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Land Back is More Than a Phrase

This article is part of a series on land back. Questions and answers may have been edited for length and clarity.

Neil Morris is a Yorta Yorta, DjaDja Wurrung, Ngurai Illum Wurrung and Wiradjuri Custodian. He grew up on Country (Yorta Yorta) and is deeply connected to culture and community. Neil is also the musician and songwriter behind DRMNGNOW (pronounced Dreaming now) and Executive Director of Still Here Arts & Culture. He uses song and storytelling to bring people together, remind us of our inherent custodianship, and advocate for the protection of Country.

We yarned to Neil about what land back means to him and what a land back future could look like. 

1. What does land back mean to you?

Neil: “Land back is a relationship for me. It’s about how I relate to my role as a custodian. And what does that look like? What are the things that I need to commit to as part of that? Granted sometimes I don’t have the privileges to be able to commit to that to the fullest. But you know, I do live on Country and I was born on Country. And that gives me certain privileges in terms of my connection to Country. That's just a real blessing. I know not all Mob have the privilege of living on Country. But we’re still an extension of the land. We still sit in relationship to land back.

So how much are we honouring Country as Indigenous people? What can we do on a day-to-day basis? Every single day I ask myself, “what am I doing for land back?” Living in a western society, there are a lot of days that can pass and it feels like we’re not doing anything for Country. But simply by existing – with intention and openness to our fullest roles as custodians – we’re doing something. So in that sense our existence alone is a form of land back.”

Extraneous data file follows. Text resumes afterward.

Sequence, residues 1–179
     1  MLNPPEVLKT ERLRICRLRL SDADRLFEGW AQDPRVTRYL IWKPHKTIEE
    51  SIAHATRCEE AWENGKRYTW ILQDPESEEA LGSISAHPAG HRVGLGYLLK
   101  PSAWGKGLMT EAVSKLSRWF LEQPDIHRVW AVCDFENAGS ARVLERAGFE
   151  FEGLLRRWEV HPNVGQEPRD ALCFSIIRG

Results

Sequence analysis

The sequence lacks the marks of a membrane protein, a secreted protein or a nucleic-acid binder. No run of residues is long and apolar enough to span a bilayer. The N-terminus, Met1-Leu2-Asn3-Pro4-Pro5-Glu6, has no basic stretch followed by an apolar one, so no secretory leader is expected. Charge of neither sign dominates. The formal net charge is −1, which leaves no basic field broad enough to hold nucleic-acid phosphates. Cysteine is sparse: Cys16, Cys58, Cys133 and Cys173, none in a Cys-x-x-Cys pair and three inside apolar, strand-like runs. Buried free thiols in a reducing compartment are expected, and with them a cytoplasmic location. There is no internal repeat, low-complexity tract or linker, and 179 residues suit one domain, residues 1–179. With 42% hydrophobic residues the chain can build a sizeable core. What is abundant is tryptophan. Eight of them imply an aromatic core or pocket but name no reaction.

2. You’ve said in a social media post before that land back is a must, not a slogan. Can you tell us more about this?

Neil: “Land back can’t just be a slogan, because it is so much about our relationships, and how we fit within all of those relationships. And certainly, our relationship to Country being always one of the most profound relationships that we have, alongside our relationships to one another as First Nations people. Then there’s our relationships to all living things within Country, and our relationships to non-Indigenous people on top of that.

It's a big belief of mine that if humanity is to survive, Indigeneity has to become central. There's just no way around that. So eventually, these conversations are going to be in the middle of the most important places for discussion in all human societies. It might not be now, but it could be 50 years down the track where you’ve even got Liberal MPs talking about, what’s their role in land back.

But when you’re talking about land back, you’re actually talking about life and relationships. And if we’re talking about it, there is then an onus to be doing something about it too, including being present and in active relationship with Country.”

3. What could land back and First Nations land governance look like?

Neil: “Land back will depend on what mob want in their own community. If you give mob autonomous leadership rights over their Country, the version of what land back will look like on one mob’s Country to the next will be different. It’s influenced by the Country itself. For example, you’ve got Country where the rivers are drying up like the Barka [Darling River], so that’s going to influence how land back can function in terms of access to water and resources to actually survive and live in certain townships.

To me, one of the most important things about land back and Indigenous governance and sovereignty, is safety for Indigenous people. Without our sovereignty being endorsed and understood, then there’s risk to the safety of our people. Safety existing on a physical, spiritual and every plain of being. In an ideal circumstance, we’ll get to a point where First Nations people don’t have to look over our shoulders – whether that’s to do with policing or park rangers fining Blackfullas for practicing culture. A point in time where everyone knows their place in the system. Land back for me is about answering, how does Indigenous leadership adequately function on these lands, in the ways that it has for 80,000+ years? It will look different from community to community.”